Years ago, I covered a Ku Klux Klan rally that turned violent.
It was not long after David Duke, the Klan leader, had claimed the Republican gubernatorial nomination in Louisiana and used that as a springboard to run for president in the GOP primaries.
At the time, the Klan and other white supremacists had adopted a strategy of petitioning state and local governments to hold rallies on Statehouse and courthouse grounds. When public officials pushed back, the Klansmen filed lawsuits and won. They also received a lot of free media, which made it easier for them to lure every bigot within 300 miles to their rallies.
The rally I covered took place on the west side of the Indiana Statehouse.
The program was basic. A couple of Klan leaders shouted phrases designed to speak to their followers' burnished resentments.
Be strong in a country gone weak.
Don't let the forces of "polite" society silence you.
Make America great again.
There were protesters at the rally.
They carried signs saying everyone was equal.
They chanted "love, not hate" over and over again.
At some point, the bigots' mood shifted from ugly to violent and the crowd transformed itself into a mob. The mob moved like a snake, chasing and pummeling protesters and news photographers, pinning them against the walls of a state government office building until police could restore order.
Afterward, I did hurried interviews with Klan followers as police dispersed the crowd that had become a mob. The bigots were as hopped-up and happy as high school students whose team just had won the big game. They all said variations of the same thing.
Guess we showed them.
Some of Republican presidential candidate Donald Trump's recent rallies have turned violent.
This development was as predictable as the sun setting at the end of a day. As David Duke's endorsement and white supremacists' embrace of Trump's candidacy demonstrates, the billionaire's message is different from theirs only in that it is delivered with a much bigger microphone.
Don't be politically correct.
Make America great again.
Trump and his devotees want to pin responsibility for the violence that follows him on the protesters who are being beaten. That's like the swinging fist blaming the battered head for the impact of a punch.
The truth is Trump has flirted with these dark furies all along. He's teased the ugliness that lies beneath the surface of the American experience by encouraging followers to punch protesters in the face and offering to pay the legal fees of Trump supporters who take things into their own hands.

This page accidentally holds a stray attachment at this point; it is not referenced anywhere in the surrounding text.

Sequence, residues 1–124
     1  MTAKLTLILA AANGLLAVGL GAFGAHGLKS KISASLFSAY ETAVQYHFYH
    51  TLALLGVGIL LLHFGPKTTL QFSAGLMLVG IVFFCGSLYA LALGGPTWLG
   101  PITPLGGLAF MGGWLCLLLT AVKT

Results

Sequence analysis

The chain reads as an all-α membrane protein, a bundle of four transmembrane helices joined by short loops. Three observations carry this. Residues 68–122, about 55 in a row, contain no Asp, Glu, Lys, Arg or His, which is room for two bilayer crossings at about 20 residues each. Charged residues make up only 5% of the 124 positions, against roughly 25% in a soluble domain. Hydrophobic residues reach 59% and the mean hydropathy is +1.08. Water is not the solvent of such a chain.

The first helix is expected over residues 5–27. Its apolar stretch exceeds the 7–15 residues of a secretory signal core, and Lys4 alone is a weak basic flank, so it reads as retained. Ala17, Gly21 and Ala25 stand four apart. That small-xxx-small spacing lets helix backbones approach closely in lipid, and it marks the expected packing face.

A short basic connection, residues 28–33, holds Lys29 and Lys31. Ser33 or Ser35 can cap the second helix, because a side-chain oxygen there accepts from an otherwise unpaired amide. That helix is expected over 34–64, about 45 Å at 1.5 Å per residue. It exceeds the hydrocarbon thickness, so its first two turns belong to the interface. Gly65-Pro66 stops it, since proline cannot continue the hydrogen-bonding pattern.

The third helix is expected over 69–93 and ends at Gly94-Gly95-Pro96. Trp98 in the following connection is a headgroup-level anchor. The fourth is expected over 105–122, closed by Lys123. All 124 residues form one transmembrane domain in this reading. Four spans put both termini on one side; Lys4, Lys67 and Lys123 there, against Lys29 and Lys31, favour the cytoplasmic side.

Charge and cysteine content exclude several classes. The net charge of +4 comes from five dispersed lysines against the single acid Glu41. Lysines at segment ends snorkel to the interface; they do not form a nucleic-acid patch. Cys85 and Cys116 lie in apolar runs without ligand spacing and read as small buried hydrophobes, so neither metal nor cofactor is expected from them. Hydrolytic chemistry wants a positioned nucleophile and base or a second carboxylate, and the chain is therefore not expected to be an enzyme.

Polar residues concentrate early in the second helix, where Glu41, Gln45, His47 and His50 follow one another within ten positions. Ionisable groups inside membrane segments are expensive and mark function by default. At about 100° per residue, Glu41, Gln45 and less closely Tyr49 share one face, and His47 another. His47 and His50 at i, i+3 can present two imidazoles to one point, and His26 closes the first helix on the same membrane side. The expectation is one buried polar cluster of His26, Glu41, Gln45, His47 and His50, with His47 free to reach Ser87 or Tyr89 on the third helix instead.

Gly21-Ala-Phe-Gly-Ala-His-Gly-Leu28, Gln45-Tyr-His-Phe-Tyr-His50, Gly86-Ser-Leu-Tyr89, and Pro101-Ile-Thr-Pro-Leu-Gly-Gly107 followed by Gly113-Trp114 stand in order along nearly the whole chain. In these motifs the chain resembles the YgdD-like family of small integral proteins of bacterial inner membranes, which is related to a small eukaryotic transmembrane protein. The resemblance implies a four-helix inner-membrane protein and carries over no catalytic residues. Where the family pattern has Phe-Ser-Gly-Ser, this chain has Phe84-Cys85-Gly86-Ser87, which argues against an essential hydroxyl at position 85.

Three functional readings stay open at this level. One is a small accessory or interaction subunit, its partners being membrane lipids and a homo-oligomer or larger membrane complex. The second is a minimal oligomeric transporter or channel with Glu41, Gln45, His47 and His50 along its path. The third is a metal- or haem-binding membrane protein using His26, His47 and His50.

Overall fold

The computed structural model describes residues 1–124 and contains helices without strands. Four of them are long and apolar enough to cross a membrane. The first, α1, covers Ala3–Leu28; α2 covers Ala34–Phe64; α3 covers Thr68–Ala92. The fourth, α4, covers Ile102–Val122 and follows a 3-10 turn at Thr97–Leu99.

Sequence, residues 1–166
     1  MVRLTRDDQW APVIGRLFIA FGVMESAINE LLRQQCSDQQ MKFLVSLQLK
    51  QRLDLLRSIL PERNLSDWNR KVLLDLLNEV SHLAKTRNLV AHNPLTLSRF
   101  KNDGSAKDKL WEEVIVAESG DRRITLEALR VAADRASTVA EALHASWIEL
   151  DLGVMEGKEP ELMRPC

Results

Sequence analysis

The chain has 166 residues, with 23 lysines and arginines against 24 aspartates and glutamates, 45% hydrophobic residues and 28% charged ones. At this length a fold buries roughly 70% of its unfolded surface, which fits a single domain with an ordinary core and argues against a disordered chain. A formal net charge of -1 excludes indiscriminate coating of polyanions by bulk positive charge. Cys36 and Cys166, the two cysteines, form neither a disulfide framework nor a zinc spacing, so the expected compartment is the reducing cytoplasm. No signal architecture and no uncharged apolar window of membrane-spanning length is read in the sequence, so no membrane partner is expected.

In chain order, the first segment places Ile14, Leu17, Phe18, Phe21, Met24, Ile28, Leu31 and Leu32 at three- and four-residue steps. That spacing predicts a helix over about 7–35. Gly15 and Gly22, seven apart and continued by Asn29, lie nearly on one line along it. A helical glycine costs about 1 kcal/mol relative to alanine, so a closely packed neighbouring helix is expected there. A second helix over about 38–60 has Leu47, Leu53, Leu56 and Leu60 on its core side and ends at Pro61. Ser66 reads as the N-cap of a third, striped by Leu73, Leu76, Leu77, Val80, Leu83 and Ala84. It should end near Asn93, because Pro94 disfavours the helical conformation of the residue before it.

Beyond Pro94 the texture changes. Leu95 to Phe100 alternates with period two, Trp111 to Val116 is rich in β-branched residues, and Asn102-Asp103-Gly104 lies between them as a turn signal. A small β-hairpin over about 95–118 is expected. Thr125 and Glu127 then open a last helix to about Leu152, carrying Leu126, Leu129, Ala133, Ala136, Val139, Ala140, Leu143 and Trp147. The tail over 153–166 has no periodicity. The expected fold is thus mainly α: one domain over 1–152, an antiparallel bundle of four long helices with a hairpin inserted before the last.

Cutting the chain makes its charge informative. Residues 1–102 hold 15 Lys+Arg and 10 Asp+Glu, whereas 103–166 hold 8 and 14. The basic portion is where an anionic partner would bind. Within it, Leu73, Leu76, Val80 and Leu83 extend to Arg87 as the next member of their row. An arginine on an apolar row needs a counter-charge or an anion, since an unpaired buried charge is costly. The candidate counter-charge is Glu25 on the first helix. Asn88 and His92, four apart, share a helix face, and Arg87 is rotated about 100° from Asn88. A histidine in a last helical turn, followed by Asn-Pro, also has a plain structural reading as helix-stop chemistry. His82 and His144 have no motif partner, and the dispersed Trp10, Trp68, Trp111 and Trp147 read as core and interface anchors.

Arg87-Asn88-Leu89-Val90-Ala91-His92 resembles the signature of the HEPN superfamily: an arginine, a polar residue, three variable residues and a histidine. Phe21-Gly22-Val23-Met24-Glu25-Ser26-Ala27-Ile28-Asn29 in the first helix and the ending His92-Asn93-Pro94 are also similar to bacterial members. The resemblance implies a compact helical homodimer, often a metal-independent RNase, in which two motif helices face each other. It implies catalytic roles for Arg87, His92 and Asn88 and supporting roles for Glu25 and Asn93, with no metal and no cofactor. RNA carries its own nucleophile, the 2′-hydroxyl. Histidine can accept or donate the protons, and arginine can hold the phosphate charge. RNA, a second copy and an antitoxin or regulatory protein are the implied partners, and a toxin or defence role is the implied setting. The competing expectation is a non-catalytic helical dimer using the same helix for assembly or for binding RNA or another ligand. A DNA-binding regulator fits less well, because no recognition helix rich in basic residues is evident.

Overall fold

Not that Trump's followers need much encouragement. At a rally in Illinois last fall, they harassed and pushed an older black woman who chose to read a book as a silent protest while Trump spoke.
One suspects the word "uppity" is never far from their lips, along with other, even less savory terms.
It would be comforting to blame all this on Donald Trump, but others have stoked the same fires.
In the 1960s, George Wallace mockingly encouraged civil rights and anti-war demonstrators at his rallies to lie down in front of his limousine so he could run over them. The Dixiecrats who followed him convulsed themselves with laughter when Wallace said that.
Twenty-some years ago, when Pat Buchanan mounted a primary challenge to President George W. Bush, he delivered a speech to the GOP convention. Not long before, riots had torn apart Los Angeles following the beating of a black man by police there. Buchanan's solution to the problems caused by the excessive use of police force against African-Americans was, you guessed it, to have police use even more force.
The difference between Trump and those demagogues is that Duke, Wallace and Buchanan never came close to getting a major party's presidential nomination. Trump is the odds-on favorite to be the GOP's candidate.
Republicans like to call themselves the party of Lincoln.
The place where Trump supporters bullied a black woman for silently reading a book while their leader spoke was Springfield, Illinois.
That's the home and final resting place of Abraham Lincoln, the Great Emancipator.
I doubt Donald Trump and his followers grasped the irony.
Or, for that matter, the tragedy.